Good and original : Plagiarism and patchwriting in academic second-language writing

Research output: Journal Publications and ReviewsRGC 21 - Publication in refereed journalpeer-review

295 Scopus Citations
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Original languageEnglish
Pages (from-to)317-345
Journal / PublicationJournal of Second Language Writing
Issue number4
Publication statusPublished - Dec 2003
Externally publishedYes


Plagiarism is regarded as a heinous crime within the academic community, but anecdotal evidence suggests that some writers plagiarize without intending to transgress academic conventions. This article reports a study of the writing of 17 postgraduate students. Source reports in the student-generated texts were compared to the original sources in order to describe the relationship between the two. Interviews were also conducted with the student writers and their supervisors. The student writing was found to contain textual features which could be described as plagiarism, but the writers' accounts of their work and the textual analysis strongly suggest absence of intention to plagiarize, thus providing empirical verification of similar suggestions in the literature. Implications of these findings are discussed and include a recommendation that the focus on preventing plagiarism be shifted from post facto punishment to proactive teaching. © 2003 Elsevier Inc. All rights reserved.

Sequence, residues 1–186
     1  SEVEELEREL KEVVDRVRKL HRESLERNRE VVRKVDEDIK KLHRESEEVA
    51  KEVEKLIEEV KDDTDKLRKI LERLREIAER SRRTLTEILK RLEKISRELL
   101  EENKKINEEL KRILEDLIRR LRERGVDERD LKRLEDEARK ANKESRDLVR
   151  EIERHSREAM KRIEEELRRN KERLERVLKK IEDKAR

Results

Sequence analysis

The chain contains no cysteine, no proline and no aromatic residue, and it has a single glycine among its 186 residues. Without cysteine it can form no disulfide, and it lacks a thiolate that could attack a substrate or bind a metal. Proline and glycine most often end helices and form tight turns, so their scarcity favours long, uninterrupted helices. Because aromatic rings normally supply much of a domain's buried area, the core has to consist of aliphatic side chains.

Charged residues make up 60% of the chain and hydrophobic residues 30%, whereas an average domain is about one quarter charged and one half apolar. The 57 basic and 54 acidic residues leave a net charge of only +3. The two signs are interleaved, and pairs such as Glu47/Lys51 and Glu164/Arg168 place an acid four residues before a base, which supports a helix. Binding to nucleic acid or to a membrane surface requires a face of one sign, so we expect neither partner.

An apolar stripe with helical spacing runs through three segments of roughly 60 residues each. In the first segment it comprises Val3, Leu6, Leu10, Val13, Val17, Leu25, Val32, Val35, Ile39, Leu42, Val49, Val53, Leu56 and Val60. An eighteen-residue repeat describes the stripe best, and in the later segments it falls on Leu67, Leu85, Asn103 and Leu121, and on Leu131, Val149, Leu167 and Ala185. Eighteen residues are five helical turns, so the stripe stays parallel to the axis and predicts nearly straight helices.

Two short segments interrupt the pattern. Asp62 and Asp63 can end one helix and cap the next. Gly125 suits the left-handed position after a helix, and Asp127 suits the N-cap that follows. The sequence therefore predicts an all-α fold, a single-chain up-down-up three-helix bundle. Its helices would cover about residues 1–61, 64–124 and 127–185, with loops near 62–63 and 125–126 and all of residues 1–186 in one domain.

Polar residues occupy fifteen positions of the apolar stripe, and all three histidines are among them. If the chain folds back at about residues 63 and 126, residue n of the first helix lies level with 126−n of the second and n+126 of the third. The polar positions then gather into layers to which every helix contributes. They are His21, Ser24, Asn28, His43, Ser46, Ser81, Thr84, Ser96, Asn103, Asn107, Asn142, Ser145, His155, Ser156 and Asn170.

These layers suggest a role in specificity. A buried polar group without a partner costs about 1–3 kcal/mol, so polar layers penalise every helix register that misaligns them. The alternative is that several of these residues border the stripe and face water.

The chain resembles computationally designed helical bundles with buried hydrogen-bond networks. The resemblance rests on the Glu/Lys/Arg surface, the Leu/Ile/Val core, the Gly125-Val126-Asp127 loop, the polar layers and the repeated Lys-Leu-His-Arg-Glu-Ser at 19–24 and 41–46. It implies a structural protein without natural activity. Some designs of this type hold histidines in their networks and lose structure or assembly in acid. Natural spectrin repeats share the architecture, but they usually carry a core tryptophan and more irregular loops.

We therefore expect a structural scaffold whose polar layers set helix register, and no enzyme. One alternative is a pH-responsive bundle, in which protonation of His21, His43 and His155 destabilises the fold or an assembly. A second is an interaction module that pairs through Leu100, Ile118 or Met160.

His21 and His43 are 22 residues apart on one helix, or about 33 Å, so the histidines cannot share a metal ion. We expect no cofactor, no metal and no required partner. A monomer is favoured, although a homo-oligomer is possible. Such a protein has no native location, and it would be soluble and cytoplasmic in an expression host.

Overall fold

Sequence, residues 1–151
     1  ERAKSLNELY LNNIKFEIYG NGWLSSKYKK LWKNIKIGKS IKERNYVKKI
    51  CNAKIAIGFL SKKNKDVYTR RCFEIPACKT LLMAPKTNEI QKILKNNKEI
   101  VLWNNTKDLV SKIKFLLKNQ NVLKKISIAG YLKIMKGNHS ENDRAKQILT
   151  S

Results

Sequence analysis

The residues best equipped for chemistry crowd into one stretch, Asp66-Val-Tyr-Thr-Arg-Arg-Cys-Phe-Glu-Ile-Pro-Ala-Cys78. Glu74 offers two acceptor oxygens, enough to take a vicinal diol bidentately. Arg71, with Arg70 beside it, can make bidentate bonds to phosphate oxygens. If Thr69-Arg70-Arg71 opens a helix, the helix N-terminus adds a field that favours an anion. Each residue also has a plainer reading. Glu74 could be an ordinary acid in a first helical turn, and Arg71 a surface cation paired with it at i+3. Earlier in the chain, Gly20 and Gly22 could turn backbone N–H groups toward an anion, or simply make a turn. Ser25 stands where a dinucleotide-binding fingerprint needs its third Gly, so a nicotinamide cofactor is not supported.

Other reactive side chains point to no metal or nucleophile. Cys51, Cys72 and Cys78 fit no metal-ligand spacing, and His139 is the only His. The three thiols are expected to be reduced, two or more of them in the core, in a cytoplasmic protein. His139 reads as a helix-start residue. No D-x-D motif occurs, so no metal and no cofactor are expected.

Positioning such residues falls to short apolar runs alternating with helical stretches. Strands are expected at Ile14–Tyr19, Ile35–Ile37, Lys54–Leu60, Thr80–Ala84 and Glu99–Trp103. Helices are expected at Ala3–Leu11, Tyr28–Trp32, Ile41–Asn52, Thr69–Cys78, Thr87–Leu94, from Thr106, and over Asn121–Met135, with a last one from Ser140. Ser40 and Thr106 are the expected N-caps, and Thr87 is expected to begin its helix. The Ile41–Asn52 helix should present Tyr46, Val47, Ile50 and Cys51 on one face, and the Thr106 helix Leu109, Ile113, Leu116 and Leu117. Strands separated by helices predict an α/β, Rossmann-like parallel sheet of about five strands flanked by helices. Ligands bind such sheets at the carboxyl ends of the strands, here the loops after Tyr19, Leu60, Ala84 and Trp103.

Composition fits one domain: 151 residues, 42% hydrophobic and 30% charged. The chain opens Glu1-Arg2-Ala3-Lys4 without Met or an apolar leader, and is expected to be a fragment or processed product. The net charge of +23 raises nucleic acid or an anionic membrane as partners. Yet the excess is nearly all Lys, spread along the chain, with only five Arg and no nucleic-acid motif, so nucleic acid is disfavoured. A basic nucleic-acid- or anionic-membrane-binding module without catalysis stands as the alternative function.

Research Area(s)

  • Patchwriting, Plagiarism, Source use